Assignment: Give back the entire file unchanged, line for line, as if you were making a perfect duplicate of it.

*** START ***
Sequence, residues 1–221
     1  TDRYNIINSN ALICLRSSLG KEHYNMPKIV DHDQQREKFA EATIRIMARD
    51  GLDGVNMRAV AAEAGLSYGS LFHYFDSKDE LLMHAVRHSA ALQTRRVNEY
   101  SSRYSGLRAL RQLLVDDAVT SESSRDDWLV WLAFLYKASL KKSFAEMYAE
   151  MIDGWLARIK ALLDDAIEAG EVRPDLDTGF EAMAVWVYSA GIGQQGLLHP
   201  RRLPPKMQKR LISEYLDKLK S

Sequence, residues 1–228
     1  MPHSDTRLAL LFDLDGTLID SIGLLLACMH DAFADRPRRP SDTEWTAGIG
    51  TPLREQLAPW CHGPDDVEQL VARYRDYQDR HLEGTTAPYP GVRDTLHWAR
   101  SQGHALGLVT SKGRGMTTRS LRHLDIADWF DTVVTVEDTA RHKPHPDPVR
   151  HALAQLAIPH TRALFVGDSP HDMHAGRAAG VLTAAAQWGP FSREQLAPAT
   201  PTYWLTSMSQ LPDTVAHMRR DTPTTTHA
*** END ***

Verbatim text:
Sequence, residues 1–221
     1  TDRYNIINSN ALICLRSSLG KEHYNMPKIV DHDQQREKFA EATIRIMARD
    51  GLDGVNMRAV AAEAGLSYGS LFHYFDSKDE LLMHAVRHSA ALQTRRVNEY
   101  SSRYSGLRAL RQLLVDDAVT SESSRDDWLV WLAFLYKASL KKSFAEMYAE
   151  MIDGWLARIK ALLDDAIEAG EVRPDLDTGF EAMAVWVYSA GIGQQGLLHP
   201  RRLPPKMQKR LISEYLDKLK S

Sequence, residues 1–228
     1  MPHSDTRLAL LFDLDGTLID SIGLLLACMH DAFADRPRRP SDTEWTAGIG
    51  TPLREQLAPW CHGPDDVEQL VARYRDYQDR HLEGTTAPYP GVRDTLHWAR
   101  SQGHALGLVT SKGRGMTTRS LRHLDIADWF DTVVTVEDTA RHKPHPDPVR
   151  HALAQLAIPH TRALFVGDSP HDMHAGRAAG VLTAAAQWGP FSREQLAPAT
   201  PTYWLTSMSQ LPDTVAHMRR DTPTTTHA